After arriving at their destination, these tiny sensors can detect neural activity. They relay these messages through a small receiver implanted under the skin to a computer, which then translates the information into words. This minimally invasive surgery takes a day and is painless, according to Gorham. Recovery time is typically short, about two days.
When a paralyzed patient thinks about trying to move their arms or legs, the motor cortex will fire patterns that are specific to the patient’s thoughts.
When a paralyzed patient such as Gorham thinks about trying to move their arms or legs, the motor cortex will fire patterns that are specific to the patient’s thoughts. This pattern is detected by the Stentrode and relayed to a computer that learns to associate this pattern with the patient’s physical movements. The computer recognizes thoughts about kicking, making a fist and other movements as signals for clicking a mouse or pushing certain letters on a keyboard. An additional eye-tracking device controls the movement of the computer cursor.
The process works on a letter by letter basis. That’s why longer and more nuanced responses often involve some trial and error. “I have been using this for about two years, and I enjoy the sessions,” Gorham typed during our chat session. Zafar Faraz, field clinical engineer at Synchron, sat next to Gorham, providing help when required. Gorham had suffered without internet access, but now he looks forward to surfing the web and playing video games.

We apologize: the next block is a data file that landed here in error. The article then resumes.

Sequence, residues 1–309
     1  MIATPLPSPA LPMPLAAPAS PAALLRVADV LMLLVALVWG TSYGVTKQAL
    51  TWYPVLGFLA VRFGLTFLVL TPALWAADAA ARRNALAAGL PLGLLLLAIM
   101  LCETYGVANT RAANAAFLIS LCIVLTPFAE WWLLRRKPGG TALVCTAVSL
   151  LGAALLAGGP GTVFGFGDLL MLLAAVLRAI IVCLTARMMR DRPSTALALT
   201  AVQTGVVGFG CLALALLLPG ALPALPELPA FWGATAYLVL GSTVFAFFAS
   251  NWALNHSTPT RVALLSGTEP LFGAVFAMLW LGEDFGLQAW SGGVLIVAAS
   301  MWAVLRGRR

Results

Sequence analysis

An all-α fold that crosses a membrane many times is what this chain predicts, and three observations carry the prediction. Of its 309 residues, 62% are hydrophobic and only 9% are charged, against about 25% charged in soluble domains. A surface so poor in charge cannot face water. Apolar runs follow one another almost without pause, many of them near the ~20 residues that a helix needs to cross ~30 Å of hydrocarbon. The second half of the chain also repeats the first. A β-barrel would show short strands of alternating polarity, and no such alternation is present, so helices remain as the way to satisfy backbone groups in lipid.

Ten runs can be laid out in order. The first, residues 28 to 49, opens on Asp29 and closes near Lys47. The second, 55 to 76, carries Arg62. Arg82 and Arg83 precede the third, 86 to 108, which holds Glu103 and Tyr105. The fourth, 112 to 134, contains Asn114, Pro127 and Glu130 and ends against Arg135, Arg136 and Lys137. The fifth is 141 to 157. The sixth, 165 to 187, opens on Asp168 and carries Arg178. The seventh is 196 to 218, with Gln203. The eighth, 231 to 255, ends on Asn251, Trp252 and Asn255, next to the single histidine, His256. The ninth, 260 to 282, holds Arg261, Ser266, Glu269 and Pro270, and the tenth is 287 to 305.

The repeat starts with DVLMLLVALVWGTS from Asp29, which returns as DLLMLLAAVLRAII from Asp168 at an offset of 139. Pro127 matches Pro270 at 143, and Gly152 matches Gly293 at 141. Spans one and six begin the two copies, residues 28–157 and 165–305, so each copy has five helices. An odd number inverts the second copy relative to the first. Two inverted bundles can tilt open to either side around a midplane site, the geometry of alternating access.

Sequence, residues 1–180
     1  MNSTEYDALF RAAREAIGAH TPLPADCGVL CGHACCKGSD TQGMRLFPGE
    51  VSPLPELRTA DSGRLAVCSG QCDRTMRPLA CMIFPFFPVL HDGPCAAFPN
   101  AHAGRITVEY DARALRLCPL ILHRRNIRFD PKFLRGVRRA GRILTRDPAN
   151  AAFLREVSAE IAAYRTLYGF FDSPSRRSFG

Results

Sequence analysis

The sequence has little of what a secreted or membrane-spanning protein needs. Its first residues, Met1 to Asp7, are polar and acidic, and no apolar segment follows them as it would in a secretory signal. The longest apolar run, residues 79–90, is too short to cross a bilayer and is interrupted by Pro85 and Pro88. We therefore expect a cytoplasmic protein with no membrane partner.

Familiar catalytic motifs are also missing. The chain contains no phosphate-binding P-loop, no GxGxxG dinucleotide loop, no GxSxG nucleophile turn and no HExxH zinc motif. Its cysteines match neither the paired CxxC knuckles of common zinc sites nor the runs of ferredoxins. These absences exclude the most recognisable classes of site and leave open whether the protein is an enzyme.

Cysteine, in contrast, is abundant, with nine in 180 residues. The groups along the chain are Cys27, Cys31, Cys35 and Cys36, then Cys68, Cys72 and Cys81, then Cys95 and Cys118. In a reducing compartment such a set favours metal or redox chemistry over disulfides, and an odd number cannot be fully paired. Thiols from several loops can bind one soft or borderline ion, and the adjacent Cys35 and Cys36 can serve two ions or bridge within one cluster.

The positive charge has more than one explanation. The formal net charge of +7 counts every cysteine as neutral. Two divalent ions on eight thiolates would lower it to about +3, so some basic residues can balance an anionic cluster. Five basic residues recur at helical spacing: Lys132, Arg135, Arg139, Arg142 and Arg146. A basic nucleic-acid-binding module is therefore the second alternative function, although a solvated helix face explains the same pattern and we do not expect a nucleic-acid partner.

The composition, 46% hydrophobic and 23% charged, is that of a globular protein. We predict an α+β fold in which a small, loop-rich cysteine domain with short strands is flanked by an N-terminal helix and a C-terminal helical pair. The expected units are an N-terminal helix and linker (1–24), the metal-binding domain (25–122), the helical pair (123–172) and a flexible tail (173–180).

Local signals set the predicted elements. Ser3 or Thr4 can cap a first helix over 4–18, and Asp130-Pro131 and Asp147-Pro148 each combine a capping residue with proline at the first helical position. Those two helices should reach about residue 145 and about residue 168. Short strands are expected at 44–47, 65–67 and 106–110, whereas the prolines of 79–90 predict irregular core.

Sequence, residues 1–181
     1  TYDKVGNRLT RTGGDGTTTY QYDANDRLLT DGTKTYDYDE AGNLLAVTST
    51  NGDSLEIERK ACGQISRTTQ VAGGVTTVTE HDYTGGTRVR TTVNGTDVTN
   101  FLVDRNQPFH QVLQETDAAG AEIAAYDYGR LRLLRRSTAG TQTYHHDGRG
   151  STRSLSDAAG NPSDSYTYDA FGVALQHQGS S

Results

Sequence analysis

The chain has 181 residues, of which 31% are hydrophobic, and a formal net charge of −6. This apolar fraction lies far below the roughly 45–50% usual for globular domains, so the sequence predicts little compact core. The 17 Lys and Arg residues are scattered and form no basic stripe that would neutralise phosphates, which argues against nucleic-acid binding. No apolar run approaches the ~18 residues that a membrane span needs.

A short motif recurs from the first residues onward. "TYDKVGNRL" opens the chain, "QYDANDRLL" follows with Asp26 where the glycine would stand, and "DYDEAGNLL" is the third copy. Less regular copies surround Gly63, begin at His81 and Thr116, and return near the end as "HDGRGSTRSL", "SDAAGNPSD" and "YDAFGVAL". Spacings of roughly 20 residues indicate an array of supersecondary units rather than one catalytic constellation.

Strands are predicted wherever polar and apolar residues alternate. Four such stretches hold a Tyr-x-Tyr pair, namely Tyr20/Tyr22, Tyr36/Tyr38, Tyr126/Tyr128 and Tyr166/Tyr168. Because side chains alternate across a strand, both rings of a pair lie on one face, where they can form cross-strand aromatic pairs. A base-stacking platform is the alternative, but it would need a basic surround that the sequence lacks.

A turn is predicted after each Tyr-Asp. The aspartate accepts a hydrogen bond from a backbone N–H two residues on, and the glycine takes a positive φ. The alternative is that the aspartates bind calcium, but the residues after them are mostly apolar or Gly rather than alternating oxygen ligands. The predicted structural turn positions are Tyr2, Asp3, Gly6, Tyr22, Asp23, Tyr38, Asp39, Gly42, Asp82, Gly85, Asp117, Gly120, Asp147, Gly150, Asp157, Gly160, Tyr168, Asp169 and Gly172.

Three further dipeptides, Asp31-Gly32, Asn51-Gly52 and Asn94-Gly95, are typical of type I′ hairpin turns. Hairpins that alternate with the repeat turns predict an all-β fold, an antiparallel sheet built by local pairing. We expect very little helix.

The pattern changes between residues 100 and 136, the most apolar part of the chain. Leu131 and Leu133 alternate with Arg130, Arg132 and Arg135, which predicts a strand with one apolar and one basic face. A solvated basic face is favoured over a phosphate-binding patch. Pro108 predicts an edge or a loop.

Gorham, age 63, has been enjoying Stentrode sessions for about two years.
The BCI revolution
In the summer of 2021, Synchron became the first company to receive the FDA’s Investigational Device Exemption, which allows research trials on the Stentrode in human patients. This past summer, the company, together with scientists from Icahn School of Medicine at Mount Sinai and the Neurology and Neurosurgery Department at Utrecht University, published a paper offering a framework for how to develop BCIs for patients with severe paralysis – those who can't use their upper limbs to type or use digital devices.
Three months ago, Synchron announced the enrollment of six patients in a study called COMMAND based in the U.S. The company will seek approval next year from the FDA to make the Stentrode available for sale commercially. Meanwhile, other companies are making progress in the field of BCIs. In August, Neuralink announced a $280 million financing round, the biggest fundraiser yet in the field. Last December, Synchron announced a $75 million financing round. “One thing I can promise you, in five years from now, we’re not going to be where we are today. We're going to be in a very different place,” says Elad I. Levy, professor of neurosurgery and radiology at State University of New York in Buffalo.
The risk of hacking exists, always. Cybercriminals, for example, might steal sensitive personal data for financial reasons, blackmailing, or to spread malware to other connected devices while extremist groups could potentially hack BCIs to manipulate individuals into supporting their causes or carrying out actions on their behalf.